Stryker and Osiris step into the bony void
Biological grafts for orthopaedic applications have had a troubled history, with products from both Wright Medical and Medtronic getting caught out by safety concerns. But Osiris Therapeutics has form when it comes to cellular and biological products – back in 2012 it obtained the world's first approval for a stem cell therapy – and with help from its partner Stryker, may yet succeed in this contentious market.
Bio4, a bone allograft that contains both bone-forming cells and growth factors, was launched in the US at the weekend, three months after Osiris forged a licensing agreement with Stryker. Osiris is focusing hard on its biosurgery franchise, but reimbursement pressures are ever-present.
Bio4 was formerly known as OvationOS, and is a bone matrix designed to fill bony voids and to aid bone regeneration after foot and ankle surgeries. It is intended as an alternative to autografting, and has the advantage of avoiding the initial bone-harvesting procedure necessary for autografts.
According to Osiris, the graft provides a structural bone matrix, osteoinductive and angiogenic growth factors, and bone cells including mesenchymal stem cells and osteoblasts.
The growth factors are intriguing. Both Wright’s Augment and Medtronic’s spinal graft Infuse ran in to difficulties because they contained recombinant growth factors – platelet-derived growth factor and bone morphogenetic protein-2 respectively – that have been associated with cancer risk. It is not known which factors Bio4 contains.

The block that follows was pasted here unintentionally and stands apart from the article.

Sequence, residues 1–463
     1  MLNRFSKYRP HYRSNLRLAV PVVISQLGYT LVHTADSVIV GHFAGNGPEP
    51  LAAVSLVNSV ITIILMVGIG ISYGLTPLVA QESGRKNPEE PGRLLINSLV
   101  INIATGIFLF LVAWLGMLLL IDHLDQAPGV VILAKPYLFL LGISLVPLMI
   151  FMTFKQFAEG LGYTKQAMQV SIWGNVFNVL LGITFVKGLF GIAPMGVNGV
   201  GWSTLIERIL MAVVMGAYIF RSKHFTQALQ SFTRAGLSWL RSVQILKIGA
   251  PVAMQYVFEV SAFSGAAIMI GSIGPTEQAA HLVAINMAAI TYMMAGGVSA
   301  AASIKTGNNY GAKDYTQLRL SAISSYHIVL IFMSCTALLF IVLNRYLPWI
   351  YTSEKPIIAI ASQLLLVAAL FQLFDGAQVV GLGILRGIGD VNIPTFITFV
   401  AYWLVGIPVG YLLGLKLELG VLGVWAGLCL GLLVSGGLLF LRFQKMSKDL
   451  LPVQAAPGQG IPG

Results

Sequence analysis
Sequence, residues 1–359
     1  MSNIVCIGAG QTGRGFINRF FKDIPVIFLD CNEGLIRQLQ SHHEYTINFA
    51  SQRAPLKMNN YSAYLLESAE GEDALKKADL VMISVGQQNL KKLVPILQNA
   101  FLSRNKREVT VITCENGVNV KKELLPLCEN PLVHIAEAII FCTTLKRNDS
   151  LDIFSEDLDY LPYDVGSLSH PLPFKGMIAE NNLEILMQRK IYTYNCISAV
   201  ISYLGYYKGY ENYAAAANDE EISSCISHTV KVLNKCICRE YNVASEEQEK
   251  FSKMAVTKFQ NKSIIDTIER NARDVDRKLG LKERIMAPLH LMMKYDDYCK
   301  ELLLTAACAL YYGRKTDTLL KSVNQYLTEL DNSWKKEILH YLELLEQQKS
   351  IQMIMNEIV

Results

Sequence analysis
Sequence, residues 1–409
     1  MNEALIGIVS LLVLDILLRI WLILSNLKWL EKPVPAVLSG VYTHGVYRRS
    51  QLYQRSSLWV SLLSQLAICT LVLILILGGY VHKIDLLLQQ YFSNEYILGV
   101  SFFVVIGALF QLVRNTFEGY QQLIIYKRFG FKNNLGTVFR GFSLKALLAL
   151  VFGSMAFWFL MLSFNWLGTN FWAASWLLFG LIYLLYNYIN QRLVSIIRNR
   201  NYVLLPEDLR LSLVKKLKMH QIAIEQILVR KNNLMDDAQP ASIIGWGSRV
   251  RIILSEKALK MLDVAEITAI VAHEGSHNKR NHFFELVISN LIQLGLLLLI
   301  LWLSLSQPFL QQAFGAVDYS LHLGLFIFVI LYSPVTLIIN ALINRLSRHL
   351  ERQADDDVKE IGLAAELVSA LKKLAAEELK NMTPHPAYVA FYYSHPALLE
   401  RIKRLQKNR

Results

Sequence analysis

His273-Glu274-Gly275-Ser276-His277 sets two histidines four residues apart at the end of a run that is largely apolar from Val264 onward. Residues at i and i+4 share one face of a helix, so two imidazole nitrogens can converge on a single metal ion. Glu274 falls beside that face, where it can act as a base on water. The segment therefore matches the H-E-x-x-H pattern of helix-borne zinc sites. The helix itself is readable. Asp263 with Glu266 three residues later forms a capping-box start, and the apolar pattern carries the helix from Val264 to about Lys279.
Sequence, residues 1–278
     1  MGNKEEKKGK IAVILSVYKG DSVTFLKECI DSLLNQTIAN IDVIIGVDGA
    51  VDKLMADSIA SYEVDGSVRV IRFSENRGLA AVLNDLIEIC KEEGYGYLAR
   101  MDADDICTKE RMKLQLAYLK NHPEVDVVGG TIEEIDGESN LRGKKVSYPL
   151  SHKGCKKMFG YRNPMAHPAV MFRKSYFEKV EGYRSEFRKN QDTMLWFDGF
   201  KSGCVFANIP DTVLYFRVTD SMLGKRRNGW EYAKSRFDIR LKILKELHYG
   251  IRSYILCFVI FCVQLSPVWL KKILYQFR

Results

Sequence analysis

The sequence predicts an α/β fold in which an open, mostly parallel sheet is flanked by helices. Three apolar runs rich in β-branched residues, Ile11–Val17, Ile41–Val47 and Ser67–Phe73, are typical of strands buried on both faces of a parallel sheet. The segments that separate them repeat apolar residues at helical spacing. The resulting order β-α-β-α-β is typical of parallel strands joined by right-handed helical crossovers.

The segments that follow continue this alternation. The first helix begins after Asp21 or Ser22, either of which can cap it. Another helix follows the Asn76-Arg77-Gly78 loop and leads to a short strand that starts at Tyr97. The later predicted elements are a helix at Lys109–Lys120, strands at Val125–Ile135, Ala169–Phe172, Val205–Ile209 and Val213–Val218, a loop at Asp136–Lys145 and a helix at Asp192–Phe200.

Bio4 has at least passed muster at the FDA; it is approved for sale under regulations concerning cellular and tissue-based products. That said, it should be remembered that Infuse was FDA-approved too, despite later trials showing that it was no better than bone grafts and that it increased the risk of cancer (Infuse trials backfire on Medtronic with negative findings, June 18, 2013).
But Bio4 differs from these products in that it contains cells too. Here Osiris’s core expertise comes into play; it launched Osteocel, a preparation of allogeneic bone cells, including mesenchymal stem cells and osteoprogenitor cells, in 2005. And it sold the business to NuVasive, the fourth-largest player in bone fillers, for $85m plus milestones three years later.
Stryker puts the cellular allograft market at around $200m, relative peanuts for the second-largest orthopaedics company in the world. But off-the-shelf, or allogeneic, grafts are appealing, reducing treatment time and avoiding the costs of the initial harvesting procedure.
Bio4 is cryopreserved and stored in special freezers at -80 degrees Celsius; customers have the product shipped to them on dry ice. This does involve management of a cold chain, but is still more convenient than autografting – Bio4 is ready to use as soon as it is unpacked.
Pricing, however, will be a concern, even with the marketing power of Stryker behind the technology. Being cheaper than autograft will be a start, but pressures on reimbursement are, as always, a fact of life.
This year the Centers for Medicare and Medicaid Services (CMS) reduced the bundled hospital outpatient department rate for Osiris’s Grafix stem cell wound-healing product, and it would not be a surprise to see Medicare limiting its payment for Bio4 too. Stryker will have to judge this carefully if it wants to grow the market.
|Established players in orthobiologic bone fillers|
|Global sales ($m)|
|Integra LifeSciences||IsoTis DBM products||40||64||+7%|
|Integra LifeSciences||Synthetic Grafting products (Mozaik)||11||18||+7%|
|RTI Surgical||Bone Graft Substitutes||19||35||+9%|
|Data sourced to EvaluateMedTech|